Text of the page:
This book sits very well between the easy to read management/self improvement books with no new content, and the academic tomes that are unreadable but with plenty of new content, that is, it is readable and packed with interesting and novel content. Highly recommended.
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4.0 out of 5 stars Good book 15 July 2013
Format:Hardcover|Verified Purchase
A bit dry but a good honest book, no hype.
Some chapters could have been in more depth, but otherwise pretty good to dip into.
Includes a useful bit on ADHD.
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5.0 out of 5 stars Fascinating 2 May 2013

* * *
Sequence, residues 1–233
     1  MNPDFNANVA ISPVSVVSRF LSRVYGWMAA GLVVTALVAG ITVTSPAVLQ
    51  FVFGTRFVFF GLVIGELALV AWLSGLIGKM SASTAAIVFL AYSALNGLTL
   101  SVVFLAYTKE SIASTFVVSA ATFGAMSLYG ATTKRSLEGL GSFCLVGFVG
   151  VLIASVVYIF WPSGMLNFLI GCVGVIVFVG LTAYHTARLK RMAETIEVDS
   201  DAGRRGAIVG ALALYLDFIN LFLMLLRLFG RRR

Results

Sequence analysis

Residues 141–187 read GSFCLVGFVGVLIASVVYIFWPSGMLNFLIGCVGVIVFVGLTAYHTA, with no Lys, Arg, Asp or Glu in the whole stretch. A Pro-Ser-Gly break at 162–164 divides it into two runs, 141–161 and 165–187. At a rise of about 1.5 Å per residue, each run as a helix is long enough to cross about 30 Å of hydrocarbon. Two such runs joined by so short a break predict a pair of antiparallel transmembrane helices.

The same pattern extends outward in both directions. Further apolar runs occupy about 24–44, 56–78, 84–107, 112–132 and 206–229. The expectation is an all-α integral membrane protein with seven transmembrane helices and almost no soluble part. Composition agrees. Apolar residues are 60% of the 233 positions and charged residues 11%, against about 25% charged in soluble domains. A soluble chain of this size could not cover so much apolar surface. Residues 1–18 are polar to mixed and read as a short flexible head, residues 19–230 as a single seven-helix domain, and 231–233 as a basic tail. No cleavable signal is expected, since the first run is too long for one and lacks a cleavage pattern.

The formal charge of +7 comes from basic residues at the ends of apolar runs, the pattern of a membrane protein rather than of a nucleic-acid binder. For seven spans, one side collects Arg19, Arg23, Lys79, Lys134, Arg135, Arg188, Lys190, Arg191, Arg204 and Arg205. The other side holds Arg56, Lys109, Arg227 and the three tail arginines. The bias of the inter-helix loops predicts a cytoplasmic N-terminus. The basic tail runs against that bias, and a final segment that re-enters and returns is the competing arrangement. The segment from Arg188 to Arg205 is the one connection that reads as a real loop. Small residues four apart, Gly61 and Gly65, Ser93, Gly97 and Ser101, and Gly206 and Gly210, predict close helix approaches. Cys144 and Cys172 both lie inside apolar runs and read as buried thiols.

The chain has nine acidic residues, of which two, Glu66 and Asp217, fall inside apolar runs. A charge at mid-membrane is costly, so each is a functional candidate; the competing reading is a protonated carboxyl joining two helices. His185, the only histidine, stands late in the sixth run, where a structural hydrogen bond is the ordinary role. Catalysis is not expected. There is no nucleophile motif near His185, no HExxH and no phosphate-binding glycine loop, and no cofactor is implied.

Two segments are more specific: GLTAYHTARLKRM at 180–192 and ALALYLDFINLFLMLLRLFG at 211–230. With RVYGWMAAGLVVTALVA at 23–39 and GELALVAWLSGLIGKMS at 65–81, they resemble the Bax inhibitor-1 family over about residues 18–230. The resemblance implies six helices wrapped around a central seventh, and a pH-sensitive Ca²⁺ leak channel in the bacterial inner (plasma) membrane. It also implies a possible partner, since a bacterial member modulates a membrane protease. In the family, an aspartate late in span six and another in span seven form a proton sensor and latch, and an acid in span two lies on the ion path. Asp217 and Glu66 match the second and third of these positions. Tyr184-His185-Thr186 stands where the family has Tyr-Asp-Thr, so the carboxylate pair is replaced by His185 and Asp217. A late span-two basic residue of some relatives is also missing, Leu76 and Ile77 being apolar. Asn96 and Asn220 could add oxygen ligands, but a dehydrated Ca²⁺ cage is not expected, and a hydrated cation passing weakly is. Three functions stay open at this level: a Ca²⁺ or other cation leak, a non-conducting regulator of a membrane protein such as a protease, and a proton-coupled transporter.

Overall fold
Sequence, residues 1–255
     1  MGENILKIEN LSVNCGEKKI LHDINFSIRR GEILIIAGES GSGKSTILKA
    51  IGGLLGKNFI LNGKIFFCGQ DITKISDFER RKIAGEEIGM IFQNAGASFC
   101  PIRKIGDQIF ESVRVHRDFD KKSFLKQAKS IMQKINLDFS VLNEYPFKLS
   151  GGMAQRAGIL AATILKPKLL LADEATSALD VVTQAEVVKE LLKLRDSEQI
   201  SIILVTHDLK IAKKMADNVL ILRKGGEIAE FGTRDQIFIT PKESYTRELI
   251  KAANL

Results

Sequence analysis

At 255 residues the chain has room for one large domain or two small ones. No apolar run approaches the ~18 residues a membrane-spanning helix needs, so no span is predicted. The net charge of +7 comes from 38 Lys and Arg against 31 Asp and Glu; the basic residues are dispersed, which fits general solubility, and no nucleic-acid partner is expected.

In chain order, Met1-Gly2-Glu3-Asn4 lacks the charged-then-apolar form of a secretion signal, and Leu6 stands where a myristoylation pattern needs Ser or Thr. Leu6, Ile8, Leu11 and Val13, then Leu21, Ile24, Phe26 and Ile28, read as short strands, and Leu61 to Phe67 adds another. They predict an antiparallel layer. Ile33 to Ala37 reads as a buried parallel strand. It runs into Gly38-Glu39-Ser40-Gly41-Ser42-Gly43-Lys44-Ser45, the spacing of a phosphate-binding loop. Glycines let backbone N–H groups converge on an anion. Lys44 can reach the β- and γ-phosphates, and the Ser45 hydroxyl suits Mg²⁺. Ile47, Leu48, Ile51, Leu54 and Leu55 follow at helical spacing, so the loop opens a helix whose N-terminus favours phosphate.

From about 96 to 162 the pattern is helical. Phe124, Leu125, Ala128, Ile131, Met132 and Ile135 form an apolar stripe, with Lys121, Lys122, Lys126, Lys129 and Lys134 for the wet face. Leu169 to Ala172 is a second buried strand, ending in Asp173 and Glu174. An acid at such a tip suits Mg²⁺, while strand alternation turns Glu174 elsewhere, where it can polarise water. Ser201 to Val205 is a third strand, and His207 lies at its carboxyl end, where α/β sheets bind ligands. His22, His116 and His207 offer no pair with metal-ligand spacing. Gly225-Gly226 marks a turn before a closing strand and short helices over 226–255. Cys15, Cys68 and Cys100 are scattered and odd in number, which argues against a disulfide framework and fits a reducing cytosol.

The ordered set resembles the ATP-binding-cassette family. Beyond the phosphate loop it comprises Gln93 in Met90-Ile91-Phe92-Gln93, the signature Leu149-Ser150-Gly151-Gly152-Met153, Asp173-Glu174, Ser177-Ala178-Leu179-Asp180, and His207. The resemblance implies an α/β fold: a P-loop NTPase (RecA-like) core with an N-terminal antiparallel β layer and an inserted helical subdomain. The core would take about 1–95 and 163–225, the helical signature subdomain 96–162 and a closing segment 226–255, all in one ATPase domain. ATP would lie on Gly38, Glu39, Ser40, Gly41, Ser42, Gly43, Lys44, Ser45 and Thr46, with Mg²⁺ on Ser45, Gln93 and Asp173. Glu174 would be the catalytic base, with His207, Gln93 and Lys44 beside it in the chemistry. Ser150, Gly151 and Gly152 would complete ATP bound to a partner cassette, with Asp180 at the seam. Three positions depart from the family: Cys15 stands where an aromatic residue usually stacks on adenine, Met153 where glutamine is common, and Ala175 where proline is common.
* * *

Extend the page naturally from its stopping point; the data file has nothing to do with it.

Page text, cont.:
Format:Kindle Edition|Verified Purchase
This is a great book but pretty heavy going.
I used it to support course work I am doing and it was useful to me.
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5.0 out of 5 stars Good. 18 Aug. 2014
Format:Kindle Edition|Verified Purchase
Yep. Good.